The only saving grace what that The Sporting News was not banned and placed on the Legion of Decency list. For once I was safe from Sister Ramegia’s uncanny see-all/know all elastic arms of the law. This was a nun in a wheel chair that would actually ‘chase you down’ if she wanted to speak with you. Hell. She was on wheels.

But I digress. The Sporting News was everything to a real fan. It brought us all the nuance we thought only we knew. It was our hidden treasure trove of information that would save the world from destruction and….

‘Wake Up! You’re day dreaming again. Were you thinking about baseball again’, she would say, as your Mom was all-knowing. ‘You can’t let baseball rule your life or you will be destined to write about it.’

Yikes! Mom….cut that out. I’m all grown up now and you are still invading my consciousness when it comes to baseball. No. I’m not reading The Sporting News. You know why? It doesn’t do just baseball anymore. It hardly ever does baseball anymore. And besides, I’m just thinking that my birthday is only a few days away and that is the time when spring training begins.’

She responded in my head, ‘I suppose you would like to go and see them play. Don’t worry. Before you know it they will be back up north and you can listen to them all you want. And besides, Bill Skowron has just been traded to the Dodgers’.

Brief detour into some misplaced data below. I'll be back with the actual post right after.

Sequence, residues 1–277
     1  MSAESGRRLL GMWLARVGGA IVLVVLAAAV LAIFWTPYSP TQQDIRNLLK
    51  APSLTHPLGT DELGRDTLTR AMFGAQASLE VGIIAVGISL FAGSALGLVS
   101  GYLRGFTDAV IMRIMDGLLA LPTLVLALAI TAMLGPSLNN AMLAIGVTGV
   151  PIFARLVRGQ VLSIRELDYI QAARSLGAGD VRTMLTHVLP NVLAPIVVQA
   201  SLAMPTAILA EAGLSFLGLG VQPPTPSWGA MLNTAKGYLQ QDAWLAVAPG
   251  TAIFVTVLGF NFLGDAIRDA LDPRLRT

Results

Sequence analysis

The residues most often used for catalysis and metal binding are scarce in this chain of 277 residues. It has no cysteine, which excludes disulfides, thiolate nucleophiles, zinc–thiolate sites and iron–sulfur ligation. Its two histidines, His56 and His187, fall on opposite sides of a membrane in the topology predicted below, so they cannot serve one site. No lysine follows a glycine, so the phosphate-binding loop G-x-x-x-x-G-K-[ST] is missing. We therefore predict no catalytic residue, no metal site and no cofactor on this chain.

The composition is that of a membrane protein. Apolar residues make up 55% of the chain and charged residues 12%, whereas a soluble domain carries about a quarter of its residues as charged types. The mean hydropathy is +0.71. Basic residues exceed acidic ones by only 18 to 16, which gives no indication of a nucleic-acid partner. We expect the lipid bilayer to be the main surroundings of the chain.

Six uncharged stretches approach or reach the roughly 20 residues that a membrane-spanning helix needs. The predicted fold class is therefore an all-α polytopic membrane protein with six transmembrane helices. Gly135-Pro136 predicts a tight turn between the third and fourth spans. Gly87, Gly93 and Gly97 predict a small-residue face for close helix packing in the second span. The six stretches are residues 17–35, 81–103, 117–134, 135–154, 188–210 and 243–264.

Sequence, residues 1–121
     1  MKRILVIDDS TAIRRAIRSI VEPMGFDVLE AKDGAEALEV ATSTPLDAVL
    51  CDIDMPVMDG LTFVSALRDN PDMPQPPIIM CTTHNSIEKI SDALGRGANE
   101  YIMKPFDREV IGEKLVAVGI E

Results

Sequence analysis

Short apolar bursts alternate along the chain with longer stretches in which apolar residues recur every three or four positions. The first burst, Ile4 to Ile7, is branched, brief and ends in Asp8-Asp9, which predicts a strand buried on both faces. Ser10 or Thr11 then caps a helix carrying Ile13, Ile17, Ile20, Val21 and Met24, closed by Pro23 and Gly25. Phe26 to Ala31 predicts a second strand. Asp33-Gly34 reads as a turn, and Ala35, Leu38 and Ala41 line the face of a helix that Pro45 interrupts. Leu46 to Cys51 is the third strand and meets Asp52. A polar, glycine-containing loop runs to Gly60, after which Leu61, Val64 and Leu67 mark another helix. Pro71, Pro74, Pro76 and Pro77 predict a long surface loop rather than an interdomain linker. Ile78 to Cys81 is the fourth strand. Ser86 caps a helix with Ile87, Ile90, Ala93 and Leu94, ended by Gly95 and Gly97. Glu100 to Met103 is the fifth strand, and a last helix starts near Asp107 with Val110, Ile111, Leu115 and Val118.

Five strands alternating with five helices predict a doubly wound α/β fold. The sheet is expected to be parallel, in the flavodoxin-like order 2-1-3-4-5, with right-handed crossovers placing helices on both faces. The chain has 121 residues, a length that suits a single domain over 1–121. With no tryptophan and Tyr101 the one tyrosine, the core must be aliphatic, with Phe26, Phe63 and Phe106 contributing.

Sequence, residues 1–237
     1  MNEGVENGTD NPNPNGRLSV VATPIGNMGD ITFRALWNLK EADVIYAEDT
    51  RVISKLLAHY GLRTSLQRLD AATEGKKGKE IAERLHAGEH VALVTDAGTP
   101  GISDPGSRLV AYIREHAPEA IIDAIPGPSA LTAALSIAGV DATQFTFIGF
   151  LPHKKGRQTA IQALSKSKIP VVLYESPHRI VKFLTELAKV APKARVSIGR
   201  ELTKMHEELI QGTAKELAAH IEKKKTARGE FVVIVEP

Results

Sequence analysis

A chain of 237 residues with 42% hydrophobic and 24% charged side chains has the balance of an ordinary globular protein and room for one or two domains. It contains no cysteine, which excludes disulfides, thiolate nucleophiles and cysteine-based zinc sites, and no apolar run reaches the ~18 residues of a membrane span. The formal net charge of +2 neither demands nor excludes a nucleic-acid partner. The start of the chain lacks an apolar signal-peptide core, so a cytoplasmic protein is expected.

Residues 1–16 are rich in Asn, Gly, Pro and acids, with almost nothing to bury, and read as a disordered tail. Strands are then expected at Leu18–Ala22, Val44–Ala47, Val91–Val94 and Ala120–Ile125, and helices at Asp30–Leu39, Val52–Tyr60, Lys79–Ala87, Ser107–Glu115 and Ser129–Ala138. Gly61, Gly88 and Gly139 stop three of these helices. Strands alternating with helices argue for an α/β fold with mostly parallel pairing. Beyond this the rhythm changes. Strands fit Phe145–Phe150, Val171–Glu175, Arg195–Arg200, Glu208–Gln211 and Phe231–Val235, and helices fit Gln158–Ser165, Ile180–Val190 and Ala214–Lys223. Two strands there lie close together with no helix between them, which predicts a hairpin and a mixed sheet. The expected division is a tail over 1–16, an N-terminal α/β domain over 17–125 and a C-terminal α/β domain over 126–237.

Play Ball!

Henry Aaron Milwaukee's Greatest Baseball Player

Henry Aaron
Milwaukee’s Greatest Baseball Player

On Wednesday, February 5, 2014

When he first came up he played in left field. A few feet away, I saw him move gracefully along the outfield grass, never over extended. Always in complete control. He will always be a part of the Milwaukee community. Today he is 80. Here’s to having many, many more, Hank.

Mr Baseball

For 42 years, he has been trying to have us all forget his less than stellar major league performance as a player. When examining his career on the field, he is on the same level as Tom Nieto, Bob Davis, Ron Tingley, Bill Plummer and Walt Tragesser, surely names that ring in the lexicon of baseball everywhere. Imagine, for those who struggle with the thought of never making it to The Show, here is a guy who was 27 before he came into the light of a major league park. During his six-year playing career, he hit .200 with 14 home runs and 146 hits in a career 843 plate appearances. He said, “It is dangerous for an athlete to believe his own publicity, good or bad.”